I’ve also been getting a lot of mail from MICA, the school I almost started a graduate program at this summer. I even found myself browsing their MFA curriculum. And before I knew it, I was emailing my contacts there.
A few weeks ago, after a high school musical production and a late night dinner, I received two fortune cookies. The first’s fortune was forgettable. The second, however, read “Be assertive when decisive action is needed.” I stuffed them into a jacket pocket for safe keeping — it had been years since I actually kept a cookie’s fortune.
Yesterday, while waiting for the metro, I reached into my pocket and remembered the fortunes. Except the only one I had found in that pocket was the one I had forgotten about. Somewhat somber because I realized that I lost the good one, I crumpled the lesser fortune into the smallest morsel of paper I could. But I did not forget the fortune that I loved. Because you know what? It applies to everyone, and as of late, I’ve been alright. But sometimes, we need a little reminder.
1 egg yolk
1 pinch salt
1 teaspoon dijon mustard
2 pinches sugar
2 Tablespoons lemon juice
1 teaspoon white vinegar
1 cup olive oil
In a medium bowl, whisk together egg yolk salt, mustard, and sugar. Combine lemon juice and vinegar in a separate bowl, and then vigorously whisk half into the yolk mixture. With one hand, whisk briskly, while slowly adding the oil a few drops at a time with the other hand. The liquid will thicken and lighten a bit (it’s emulsifying!). Once it starts thickening, you can slow down the whisking, and add the oil in slightly faster.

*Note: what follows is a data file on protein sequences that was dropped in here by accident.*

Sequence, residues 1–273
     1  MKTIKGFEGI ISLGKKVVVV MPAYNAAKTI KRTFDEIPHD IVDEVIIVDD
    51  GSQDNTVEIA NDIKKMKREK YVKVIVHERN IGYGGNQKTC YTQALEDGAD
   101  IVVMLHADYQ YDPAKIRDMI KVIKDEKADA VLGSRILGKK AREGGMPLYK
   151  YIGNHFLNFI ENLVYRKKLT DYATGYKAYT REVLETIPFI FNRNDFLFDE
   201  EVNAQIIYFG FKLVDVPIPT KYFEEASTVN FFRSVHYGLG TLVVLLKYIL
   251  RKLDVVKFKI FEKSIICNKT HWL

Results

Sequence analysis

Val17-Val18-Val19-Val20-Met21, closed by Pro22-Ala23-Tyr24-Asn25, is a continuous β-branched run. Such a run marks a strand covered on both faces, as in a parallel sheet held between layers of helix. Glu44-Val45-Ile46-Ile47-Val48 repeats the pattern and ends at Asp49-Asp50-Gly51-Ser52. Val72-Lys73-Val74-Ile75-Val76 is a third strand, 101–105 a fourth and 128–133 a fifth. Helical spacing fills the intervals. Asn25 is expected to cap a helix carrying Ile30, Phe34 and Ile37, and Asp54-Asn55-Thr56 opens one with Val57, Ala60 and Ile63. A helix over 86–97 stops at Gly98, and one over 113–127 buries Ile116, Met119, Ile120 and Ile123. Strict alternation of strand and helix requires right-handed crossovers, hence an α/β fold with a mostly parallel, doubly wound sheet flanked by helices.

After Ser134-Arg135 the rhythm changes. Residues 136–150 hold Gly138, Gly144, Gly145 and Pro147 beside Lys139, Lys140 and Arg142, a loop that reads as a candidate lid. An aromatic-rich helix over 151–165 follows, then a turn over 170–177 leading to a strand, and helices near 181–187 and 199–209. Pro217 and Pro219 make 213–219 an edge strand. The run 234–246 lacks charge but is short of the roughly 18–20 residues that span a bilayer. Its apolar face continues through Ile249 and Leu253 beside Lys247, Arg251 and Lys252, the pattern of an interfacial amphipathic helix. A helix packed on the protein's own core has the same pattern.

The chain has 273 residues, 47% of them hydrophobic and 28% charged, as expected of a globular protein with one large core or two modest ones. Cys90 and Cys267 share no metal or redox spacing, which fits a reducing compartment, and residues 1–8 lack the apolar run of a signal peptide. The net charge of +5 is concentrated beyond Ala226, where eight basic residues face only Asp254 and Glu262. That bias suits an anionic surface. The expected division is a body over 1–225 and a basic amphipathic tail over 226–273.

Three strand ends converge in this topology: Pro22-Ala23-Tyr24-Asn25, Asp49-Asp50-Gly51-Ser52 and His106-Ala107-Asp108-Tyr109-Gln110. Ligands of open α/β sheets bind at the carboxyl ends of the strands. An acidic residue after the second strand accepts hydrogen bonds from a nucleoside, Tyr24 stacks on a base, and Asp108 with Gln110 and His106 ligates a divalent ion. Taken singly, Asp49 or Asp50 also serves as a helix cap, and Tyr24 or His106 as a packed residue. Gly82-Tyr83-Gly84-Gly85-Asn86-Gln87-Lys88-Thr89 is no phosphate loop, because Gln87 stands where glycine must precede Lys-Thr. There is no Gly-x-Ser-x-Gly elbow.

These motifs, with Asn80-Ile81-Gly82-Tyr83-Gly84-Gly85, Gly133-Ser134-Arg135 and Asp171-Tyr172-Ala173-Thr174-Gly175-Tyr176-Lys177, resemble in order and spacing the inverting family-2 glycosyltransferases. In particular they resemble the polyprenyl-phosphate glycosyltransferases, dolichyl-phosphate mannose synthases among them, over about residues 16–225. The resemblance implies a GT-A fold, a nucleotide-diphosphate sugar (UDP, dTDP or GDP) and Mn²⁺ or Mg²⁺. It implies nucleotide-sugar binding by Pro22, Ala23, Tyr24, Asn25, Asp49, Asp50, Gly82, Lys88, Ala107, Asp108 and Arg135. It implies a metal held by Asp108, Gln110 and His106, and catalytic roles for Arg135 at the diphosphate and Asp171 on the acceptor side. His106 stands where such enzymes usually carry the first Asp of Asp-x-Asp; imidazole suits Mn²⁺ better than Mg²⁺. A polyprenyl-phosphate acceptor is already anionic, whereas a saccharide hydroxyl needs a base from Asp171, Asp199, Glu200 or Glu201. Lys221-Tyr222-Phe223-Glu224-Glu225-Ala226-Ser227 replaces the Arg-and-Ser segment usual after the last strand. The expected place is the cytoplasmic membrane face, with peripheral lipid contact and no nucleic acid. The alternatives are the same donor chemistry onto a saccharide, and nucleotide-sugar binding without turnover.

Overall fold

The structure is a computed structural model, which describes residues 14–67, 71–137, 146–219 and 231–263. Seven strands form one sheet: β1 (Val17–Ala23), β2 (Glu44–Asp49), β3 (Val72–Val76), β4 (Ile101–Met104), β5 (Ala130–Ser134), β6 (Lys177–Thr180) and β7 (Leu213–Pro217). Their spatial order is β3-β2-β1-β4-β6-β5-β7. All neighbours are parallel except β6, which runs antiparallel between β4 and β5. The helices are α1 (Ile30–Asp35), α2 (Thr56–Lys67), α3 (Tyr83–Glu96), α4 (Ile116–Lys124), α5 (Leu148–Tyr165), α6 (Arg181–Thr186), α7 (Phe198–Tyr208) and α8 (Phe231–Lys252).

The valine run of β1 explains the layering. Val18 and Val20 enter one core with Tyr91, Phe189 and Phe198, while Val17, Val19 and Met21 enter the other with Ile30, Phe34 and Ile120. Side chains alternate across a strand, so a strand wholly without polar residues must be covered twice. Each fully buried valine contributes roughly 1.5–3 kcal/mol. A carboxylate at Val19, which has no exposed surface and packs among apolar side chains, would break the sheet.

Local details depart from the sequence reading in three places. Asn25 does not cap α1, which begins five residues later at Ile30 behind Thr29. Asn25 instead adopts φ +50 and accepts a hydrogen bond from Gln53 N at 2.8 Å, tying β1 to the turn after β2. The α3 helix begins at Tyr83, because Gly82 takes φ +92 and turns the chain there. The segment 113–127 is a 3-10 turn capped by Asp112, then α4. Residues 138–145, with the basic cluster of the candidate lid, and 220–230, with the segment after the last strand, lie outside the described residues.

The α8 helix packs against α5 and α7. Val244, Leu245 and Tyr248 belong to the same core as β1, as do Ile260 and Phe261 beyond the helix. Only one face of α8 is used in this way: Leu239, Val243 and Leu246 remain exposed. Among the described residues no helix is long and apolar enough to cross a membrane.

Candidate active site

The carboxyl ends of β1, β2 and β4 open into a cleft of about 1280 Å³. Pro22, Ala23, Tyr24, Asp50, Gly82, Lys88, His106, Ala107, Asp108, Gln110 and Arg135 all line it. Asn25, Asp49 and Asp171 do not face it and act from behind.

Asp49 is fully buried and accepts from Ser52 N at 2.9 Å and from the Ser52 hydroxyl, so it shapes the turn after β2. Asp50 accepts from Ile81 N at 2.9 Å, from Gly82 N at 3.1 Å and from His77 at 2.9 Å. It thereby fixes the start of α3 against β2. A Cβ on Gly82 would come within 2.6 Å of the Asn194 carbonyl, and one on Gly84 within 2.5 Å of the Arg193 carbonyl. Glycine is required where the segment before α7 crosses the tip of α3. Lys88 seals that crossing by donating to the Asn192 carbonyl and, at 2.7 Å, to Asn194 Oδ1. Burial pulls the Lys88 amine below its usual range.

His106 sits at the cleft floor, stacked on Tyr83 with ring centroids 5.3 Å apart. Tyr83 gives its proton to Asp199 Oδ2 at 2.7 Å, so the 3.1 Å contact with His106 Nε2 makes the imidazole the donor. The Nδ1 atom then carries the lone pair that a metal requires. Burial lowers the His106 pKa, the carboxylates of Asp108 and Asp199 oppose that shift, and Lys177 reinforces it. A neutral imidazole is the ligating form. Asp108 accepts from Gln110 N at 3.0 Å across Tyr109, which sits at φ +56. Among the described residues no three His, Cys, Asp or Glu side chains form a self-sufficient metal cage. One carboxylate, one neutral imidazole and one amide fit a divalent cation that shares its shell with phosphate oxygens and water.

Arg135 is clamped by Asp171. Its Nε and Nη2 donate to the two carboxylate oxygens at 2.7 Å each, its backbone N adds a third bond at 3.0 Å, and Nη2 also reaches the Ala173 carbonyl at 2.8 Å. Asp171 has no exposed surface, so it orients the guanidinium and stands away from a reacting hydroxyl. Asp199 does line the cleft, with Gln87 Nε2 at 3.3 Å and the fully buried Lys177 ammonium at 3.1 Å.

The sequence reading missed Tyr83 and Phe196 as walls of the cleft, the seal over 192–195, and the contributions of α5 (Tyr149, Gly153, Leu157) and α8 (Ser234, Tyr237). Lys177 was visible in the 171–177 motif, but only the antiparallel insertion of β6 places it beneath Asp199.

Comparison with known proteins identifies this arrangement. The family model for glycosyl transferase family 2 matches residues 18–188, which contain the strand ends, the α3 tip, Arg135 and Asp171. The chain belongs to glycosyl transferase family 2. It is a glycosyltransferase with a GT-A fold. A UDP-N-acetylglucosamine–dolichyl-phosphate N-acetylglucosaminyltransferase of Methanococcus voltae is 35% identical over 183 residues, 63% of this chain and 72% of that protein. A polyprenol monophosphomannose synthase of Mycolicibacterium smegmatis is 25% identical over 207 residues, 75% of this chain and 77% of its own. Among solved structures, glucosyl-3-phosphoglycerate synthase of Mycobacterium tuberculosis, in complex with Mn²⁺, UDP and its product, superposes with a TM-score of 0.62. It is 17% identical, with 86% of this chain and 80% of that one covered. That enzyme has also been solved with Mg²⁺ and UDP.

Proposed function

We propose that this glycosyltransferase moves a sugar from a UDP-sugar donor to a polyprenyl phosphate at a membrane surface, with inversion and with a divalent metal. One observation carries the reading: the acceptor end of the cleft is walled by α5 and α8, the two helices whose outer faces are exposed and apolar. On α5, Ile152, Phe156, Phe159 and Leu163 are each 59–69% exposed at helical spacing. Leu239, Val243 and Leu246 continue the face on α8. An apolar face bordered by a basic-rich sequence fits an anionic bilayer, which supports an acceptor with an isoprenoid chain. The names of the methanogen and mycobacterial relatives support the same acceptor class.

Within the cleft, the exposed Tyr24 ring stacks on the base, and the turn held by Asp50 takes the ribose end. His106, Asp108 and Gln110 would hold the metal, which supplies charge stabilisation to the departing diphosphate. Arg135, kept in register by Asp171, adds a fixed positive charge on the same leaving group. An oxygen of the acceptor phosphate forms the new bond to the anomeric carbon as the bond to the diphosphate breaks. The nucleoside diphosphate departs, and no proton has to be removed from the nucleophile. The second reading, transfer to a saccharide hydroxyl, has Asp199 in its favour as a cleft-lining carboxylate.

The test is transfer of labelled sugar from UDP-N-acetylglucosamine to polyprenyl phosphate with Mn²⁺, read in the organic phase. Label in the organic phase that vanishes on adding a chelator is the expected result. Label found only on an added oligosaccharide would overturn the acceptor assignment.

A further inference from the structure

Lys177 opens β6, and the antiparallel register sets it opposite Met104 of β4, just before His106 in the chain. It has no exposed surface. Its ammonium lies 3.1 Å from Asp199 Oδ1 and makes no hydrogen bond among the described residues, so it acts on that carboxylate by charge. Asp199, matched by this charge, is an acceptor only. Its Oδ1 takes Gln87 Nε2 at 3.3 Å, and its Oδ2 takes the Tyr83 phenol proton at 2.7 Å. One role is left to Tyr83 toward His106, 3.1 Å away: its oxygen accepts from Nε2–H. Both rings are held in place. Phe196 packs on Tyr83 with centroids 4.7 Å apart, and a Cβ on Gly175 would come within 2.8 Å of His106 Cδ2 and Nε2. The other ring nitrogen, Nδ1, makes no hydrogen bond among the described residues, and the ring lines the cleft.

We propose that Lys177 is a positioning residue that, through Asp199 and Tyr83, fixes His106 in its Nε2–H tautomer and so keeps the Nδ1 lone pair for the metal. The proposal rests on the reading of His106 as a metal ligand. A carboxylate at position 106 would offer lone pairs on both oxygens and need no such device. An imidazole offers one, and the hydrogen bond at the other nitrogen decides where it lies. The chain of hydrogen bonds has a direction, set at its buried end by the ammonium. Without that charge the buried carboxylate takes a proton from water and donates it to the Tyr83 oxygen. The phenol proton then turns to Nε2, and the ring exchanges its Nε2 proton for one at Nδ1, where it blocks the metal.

Once most of the oil is added, pour in the rest of the lemon juice mixture.
Continue whisking until all ingredients incorporated. Leave at room temperature for 1 to 2 hours then refrigerate for up to 1 week.
This winter may have been weak, but spring has sprung. And along with the hour of sleep I lost this morning, my social life has flown out the window. I’m pretty sure I’ll see it sometime next week. Continue reading “Sweet Corn Ceviche”
Washington, DC, is a bit of a late bloomer: Fall is only really hitting the district as we speak. Yes, the fall I’ve been longing for since the heat wave in June. The fall that carries a breeze, the fall that tints foliage into my favorite color (orange), and the fall that finally satisfies you with the comfort of staying in on a Friday night to make French onion soup. Continue reading “Apple, Cheddar, and Caramelized Onion Tart”